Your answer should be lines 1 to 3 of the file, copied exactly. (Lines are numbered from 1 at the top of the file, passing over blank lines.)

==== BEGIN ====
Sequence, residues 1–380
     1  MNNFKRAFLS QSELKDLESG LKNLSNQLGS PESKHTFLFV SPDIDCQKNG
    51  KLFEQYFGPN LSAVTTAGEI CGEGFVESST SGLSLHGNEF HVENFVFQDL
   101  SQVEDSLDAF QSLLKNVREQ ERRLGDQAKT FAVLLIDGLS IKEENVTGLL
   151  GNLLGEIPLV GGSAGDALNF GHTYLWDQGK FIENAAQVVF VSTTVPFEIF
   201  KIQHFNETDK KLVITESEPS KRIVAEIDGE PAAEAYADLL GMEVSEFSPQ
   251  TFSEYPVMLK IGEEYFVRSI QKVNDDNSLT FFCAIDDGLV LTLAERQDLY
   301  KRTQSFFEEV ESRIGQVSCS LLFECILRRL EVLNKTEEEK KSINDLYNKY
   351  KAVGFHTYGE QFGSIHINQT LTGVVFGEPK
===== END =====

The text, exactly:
Sequence, residues 1–380
     1  MNNFKRAFLS QSELKDLESG LKNLSNQLGS PESKHTFLFV SPDIDCQKNG
    51  KLFEQYFGPN LSAVTTAGEI CGEGFVESST SGLSLHGNEF HVENFVFQDL